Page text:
"She had experienced some hardships in life, but the one thing that always got her through the tough times was her faith in God and in her Savior, Jesus Christ. In everything she did her faith shined through like a beacon of light for us all to see. She did not flaunt her faith or her religion as the Pharisees did, but it was always there... in the way she talked and in the way she conducted herself and her life."

"I will miss our travels, our cousin get-togethers, our phone conversations and knowing she is always there with wise advice when I have a problem or concern. She was a good sister and friend to me, and it's a great comfort to know that, despite her tragic end, she has now joined our other family members in heaven with her Savior."


If you have any information about the murder of Esther Gaffney, please contact: 

Detective Sgt. Mike Stephens 
Mt. Pleasant Post-Special Investigations Section 
Michigan State Police
Office: 989-773-5951

Thursday, February 5, 2015


"Redacted" is the story of my attempt to seek answers about an unsolved murder that occurred over thirty years ago in the small town where I live. I only learned about the brutal murder of Janette Roberson by accident, while I was researching locations for one of the subplots in my Dex Morneau series. While I was reading about the Osceola Hotel and various community responses to the old historical building being torn down, I came across on a Topix board thread titled Unsolved Murder.

I spent the rest of the day reading all the comments, which dated back to 2008. Over a year into my research on the murder, I now understand that a lot of what is on that thread is gossip, as well as a great deal of misinformation. But it was certainly an intriguing jumping off point. What I hope this book ultimately provides is a bit of clarity, and maybe dispels some misconceptions. When I sat down with Detective George Pratt, formerly of the Michigan State Police, now with the Osceola County Sheriff's office, he said there were so many misconceptions about the Janette Roberson case, there’s no way he could ever list them all.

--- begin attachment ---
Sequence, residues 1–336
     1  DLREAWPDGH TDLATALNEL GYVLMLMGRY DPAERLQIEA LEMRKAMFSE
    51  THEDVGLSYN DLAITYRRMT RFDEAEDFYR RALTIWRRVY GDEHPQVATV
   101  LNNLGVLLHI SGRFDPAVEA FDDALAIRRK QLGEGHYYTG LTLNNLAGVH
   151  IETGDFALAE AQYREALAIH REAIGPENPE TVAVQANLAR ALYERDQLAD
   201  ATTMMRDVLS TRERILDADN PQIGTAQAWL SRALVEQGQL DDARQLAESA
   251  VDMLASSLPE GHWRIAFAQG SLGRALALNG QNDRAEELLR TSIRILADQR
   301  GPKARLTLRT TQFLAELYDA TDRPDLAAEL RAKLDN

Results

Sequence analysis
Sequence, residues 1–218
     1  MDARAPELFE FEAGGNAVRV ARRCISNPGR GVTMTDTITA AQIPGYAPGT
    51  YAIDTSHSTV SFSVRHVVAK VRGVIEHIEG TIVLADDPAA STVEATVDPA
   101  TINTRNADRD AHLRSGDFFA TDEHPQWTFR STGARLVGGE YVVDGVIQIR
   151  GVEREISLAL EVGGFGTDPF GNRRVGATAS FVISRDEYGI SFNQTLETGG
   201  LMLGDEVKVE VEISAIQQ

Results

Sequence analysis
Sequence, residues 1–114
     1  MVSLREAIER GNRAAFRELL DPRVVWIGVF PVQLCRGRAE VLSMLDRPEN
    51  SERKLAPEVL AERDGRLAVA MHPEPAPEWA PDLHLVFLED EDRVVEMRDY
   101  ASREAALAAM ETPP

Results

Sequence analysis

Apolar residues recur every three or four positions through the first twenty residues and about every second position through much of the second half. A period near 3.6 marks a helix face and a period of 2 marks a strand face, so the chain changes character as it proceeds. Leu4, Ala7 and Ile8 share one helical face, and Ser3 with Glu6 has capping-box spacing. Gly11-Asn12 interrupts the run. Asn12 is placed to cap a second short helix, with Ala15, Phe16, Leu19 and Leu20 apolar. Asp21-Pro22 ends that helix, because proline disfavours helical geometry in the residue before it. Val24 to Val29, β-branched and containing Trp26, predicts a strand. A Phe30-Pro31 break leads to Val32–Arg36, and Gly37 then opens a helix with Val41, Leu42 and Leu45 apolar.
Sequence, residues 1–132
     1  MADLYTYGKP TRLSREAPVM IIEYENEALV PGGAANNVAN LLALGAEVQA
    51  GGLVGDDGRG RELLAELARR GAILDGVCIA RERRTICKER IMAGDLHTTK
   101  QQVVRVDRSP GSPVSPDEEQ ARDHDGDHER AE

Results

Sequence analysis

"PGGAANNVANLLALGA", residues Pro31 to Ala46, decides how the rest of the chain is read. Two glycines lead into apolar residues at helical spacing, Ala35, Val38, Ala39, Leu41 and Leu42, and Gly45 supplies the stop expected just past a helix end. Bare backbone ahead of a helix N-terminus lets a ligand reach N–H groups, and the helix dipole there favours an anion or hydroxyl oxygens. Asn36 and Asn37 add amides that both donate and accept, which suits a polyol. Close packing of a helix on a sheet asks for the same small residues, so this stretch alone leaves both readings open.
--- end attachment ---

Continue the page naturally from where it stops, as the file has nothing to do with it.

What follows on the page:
I asked him why this case is still unsolved, three decades later, and learned why the DNA in Janette's case will never provide a smoking gun that could point to one particular perpetrator. I was also able to get a good idea of some mistakes made early on in the case, based on the statements of first responders to the scene.

I made a point of looking into the decision making process of how cases are assigned to a cold case team, and spoke with an Inspector with Michigan State Police who talked me through how that worked with regard to the local unsolved cases. I learned some hard truths about decades-old cases and what’s involved in starting from scratch with files that haven’t ever been entered into the state police computer system, and remain, so many years later, relegated to boxes and filing cabinets in hardcopy. I learned how the passage of time and lack of resources play into unsolved cases. 

Finally, I got an up close and personal look at how the FOIA process can prove to be an expensive, time consuming, and often obstructive process to the average citizen, and that maybe we need to take a collective look at how public our public documents really are.

I have the release of Redacted tentatively scheduled for the beginning of April, and while I finish the tedious business of correcting typos and editing, I would like to spotlight some of the other unsolved homicides I learned about while researching this case. In an effort to see what kind of numbers I was looking at as far as unsolved crimes, I spent a great deal of time wrangling with Michigan State Police's FOIA (Freedom of Information) department trying to get a handle on how many unsolved murders Michigan has on the books. Would it shock you to know that it is not easy to get that kind of information, and it can be quite costly?  Well it isn't (easy)... and it is (costly). 

I can tell you that in District 6 - the area of the mitten where Janette Roberson was murdered - I have a list of 31 unsolved homicides provided to me by Michigan State Police, which date from 1970 to present. Seven of these (including Janette's) are attributed to my little town of Reed City; all occured within the jurisdiction of the Reed City MSP Post when it existed. It has since closed and is used as a detachment post, and those cases transferred to the Mount Pleasant MSP Post. 

Leading up to my release of Redacted, I will highlight one unsolved case each week from the Reed City list. I will post the police reports for those that I have (some were denied when I made the requests) as well as any corresponding newspaper articles.

1. Burton Scott

On June 26, 1979, Marilyn McLachlan walked into the Reed City MSP Post and reported her 25 year old son, Burton Scott, missing. She said no one had seen him since Friday evening, four days prior. He'd last been seen dropping someone off at the Evart Lounge Bar.